As weekend crowds flood the Stevens Pass parking lot on a typical powder day, just a few miles away a single PistenBully 240d snowcat slowly chugs its way up the empty flanks of Windy Mountain.
Inside the snowcat’s tight quarters, 12 passengers are about to tap into what most skiers and snowboarders would call a dream day. Deep snow. No crowds. Quiet turns. Well, except for the noise of the Cummins diesel.
As Washington’s only cat-skiing operation, Cascade Powder Cats was founded in 1996 and moved to Stevens in 2005.
Whenever the snow is good and the avalanche danger manageable, the crew fires up the cat and shuttles a group of skiers and snowboarders for laps on a Weyerhaeuser-owned powder reserve.
- Narcotics dog hospitalized after ingesting meth
- It's no easy task, but contract extension for Seahawks QB Russell Wilson will get done
- Newcomers arriving in record numbers, but from where?
- Toppled fish truck makes a stinker of a commute Tuesday night
- Amazon devouring quarter of Seattle's best office space
Most Read Stories
Cat and heli skiing operations have traditionally focused on spoon-feeding epic powder days to clients, but co-owner Ryan Murray says they’ve been trying to take a different approach to the backcountry.
“The big thing we noticed, is when you try to run a large-scale cat operation you actually encourage poor backcountry decision-making amongst clients,” Murray said. For example, sometimes skiers or snowboarders who would normally be more careful get careless because they have a guide to look after them.
Murray was part of a group of investors that purchased the operation for the 2007-08 season. After two recession years, Murray and Cascade Powder Cat lead guide Jay Bright bought out the rest of the owners and made an unusual business decision.
“We had the idea to sell a lot of the equipment and take a ‘less is more’ approach,” said Murray. “You’re never going to get rich working in the ski world, especially as a guide, so we reduced down to one snowcat and said, ‘Let’s just ski when it’s really good.’ ”
Both Murray and Bright work forestry jobs in the summer to subsidize their winters. Before Cascade Powder Cats, Murray held various mountain jobs including self-described “dirtbag ski tuner” at Bridger Bowl in Montana and ski patroller in Kirkwood at Lake Tahoe. Bright was a longtime ski patroller at Crystal Mountain and a guide throughout the Cascades and Sierra Nevada ranges.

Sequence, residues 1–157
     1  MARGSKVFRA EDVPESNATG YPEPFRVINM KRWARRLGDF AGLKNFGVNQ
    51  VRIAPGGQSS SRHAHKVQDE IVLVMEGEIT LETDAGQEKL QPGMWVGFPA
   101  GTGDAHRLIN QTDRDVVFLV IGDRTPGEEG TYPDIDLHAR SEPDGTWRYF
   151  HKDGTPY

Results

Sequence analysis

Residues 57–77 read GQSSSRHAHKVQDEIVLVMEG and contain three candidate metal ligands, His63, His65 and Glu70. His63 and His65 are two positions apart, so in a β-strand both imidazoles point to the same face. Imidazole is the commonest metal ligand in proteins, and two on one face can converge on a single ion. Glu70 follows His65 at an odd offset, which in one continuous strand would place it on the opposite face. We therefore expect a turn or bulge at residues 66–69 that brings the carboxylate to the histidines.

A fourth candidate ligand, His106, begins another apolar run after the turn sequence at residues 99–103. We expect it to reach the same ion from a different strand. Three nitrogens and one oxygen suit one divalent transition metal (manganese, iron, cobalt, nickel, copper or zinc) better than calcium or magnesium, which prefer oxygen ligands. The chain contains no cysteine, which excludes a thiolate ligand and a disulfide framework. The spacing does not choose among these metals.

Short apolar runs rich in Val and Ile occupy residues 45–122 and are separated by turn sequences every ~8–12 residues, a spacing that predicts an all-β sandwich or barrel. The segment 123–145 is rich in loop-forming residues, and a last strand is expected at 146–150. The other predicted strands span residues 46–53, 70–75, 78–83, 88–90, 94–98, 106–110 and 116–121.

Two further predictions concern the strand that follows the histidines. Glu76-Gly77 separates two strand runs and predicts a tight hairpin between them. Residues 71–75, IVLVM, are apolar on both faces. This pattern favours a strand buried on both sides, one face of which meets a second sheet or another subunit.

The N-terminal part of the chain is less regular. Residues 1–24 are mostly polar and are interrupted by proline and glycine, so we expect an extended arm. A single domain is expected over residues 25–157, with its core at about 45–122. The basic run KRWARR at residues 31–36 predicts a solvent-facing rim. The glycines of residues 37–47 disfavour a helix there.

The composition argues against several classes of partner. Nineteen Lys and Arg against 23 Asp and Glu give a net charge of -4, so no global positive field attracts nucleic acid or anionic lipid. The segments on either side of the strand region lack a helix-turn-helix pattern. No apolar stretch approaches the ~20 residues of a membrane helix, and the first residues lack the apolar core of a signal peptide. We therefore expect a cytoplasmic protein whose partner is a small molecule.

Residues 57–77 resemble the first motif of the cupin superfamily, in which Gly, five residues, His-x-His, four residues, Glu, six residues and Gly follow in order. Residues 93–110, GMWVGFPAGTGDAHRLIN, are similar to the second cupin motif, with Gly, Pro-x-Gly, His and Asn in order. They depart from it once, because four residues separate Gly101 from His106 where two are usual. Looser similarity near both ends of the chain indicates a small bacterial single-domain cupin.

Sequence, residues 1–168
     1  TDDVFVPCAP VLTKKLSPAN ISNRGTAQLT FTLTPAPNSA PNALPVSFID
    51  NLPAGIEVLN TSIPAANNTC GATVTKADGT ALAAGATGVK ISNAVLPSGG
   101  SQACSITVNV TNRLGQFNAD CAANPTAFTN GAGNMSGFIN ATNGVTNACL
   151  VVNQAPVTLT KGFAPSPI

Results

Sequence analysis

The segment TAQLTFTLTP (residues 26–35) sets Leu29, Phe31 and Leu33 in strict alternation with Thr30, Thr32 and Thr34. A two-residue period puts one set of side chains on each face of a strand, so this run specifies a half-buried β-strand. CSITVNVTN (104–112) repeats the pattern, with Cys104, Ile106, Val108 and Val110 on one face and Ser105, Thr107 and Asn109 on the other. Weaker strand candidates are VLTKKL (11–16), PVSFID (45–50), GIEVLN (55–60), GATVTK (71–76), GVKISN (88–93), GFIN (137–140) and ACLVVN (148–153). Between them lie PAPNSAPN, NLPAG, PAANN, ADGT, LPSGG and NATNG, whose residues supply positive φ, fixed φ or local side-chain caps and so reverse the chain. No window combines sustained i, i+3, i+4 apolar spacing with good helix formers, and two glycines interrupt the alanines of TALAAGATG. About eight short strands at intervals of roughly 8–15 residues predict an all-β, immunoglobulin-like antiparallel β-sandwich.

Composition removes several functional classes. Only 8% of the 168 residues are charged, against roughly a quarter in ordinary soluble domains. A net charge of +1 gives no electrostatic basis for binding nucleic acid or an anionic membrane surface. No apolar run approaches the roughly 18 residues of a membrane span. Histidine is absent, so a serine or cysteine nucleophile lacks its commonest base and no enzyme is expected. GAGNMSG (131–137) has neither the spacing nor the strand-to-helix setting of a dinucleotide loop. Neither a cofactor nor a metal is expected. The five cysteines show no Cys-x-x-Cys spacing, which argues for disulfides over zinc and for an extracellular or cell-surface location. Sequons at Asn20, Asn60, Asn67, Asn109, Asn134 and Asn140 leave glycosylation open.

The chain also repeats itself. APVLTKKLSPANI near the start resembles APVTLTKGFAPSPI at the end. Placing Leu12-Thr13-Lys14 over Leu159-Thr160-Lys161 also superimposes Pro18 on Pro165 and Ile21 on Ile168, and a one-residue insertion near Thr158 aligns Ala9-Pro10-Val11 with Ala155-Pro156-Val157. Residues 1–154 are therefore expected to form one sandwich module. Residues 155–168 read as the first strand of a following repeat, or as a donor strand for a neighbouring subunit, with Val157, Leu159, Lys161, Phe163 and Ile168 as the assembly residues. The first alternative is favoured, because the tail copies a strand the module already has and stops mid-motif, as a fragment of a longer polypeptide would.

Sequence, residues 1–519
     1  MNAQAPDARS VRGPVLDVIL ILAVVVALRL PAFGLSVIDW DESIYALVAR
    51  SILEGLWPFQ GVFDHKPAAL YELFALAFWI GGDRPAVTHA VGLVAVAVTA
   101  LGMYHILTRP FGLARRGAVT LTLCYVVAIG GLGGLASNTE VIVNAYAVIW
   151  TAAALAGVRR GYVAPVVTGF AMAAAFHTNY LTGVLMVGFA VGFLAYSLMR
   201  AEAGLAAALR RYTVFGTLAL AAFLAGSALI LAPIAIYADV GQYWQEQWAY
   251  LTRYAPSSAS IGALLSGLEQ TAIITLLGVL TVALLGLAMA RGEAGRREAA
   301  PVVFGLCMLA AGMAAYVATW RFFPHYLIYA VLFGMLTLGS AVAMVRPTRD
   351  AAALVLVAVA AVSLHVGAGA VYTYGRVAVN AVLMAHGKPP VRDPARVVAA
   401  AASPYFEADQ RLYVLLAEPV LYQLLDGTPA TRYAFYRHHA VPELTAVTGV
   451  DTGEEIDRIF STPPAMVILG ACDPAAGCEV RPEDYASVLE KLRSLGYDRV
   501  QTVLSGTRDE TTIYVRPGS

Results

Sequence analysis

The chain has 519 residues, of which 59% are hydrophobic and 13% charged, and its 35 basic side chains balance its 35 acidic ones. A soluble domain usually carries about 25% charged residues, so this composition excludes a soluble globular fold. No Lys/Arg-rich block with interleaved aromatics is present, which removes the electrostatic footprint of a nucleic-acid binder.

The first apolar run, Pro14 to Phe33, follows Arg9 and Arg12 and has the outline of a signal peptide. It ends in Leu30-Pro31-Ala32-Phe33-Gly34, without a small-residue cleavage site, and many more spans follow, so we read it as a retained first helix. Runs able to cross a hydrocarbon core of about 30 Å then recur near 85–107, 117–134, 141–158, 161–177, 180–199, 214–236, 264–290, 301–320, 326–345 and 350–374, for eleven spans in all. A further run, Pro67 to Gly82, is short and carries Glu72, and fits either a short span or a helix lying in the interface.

Part of Murray and Bright’s redefining of Cascade Powder Cats included an increased focus on backcountry education. With Bright’s more than 20-plus years of patrol and guide experience, they began offering American Institute for Avalanche Research and Education Level I and Level II courses out of a backcountry yurt they built on Windy Mountain.
While most cat-skiing operations run rain or shine, Murray says they’re picky about which days they’ll ski.
“A lot of operations focus on a higher volume. We just make sure we ski the good days,” he says. “If it’s not going to be a fun day for us to ski, we reschedule.”
A typical winter day starts with Murray checking the weather at 3:30 a.m. If the weather report is positive, he leaves from Leavenworth to meet the other guides and the snowcat operator by 5:30 a.m. With another guide, he’ll head up to the yurt in a snow machine and make observations of the snow pack until the day’s skiers show up around 8:30 a.m. Clients then go through a 45-minute safety briefing and avalanche-transceiver check.
“We’re a long way from care. If someone gets hurt, there is no bump shack with ski patrollers to pull you off the mountain,” he said. “We encourage responsible behavior, and our clients love it. I think they learn a lot and still get an epic day.”
After the safety briefing, clients then get 6½
hours of powder laps on northwest-facing bowls and glades.
“My favorite days are when you get lifelong skiers who are in their 60s or 70s. Just watching their love for the sport makes you want to keep doing it your whole life,” Murray said.
Besides the 12 to 18 single-day cat tours per year, Cascade Powder Cats offers multiday guided tours where skiers use climbing skins and leg power to access the Windy Mountain terrain. In fact, it’s these types of tours that Murray and Bright tend to favor.
“We’re not just a cat-ski operation. We’re more of a backcountry experience,” Murray said. “We like to use cat skiing as the hook.”
John Kinmonth is a Northwest-based freelance snowboarder, writer and editor.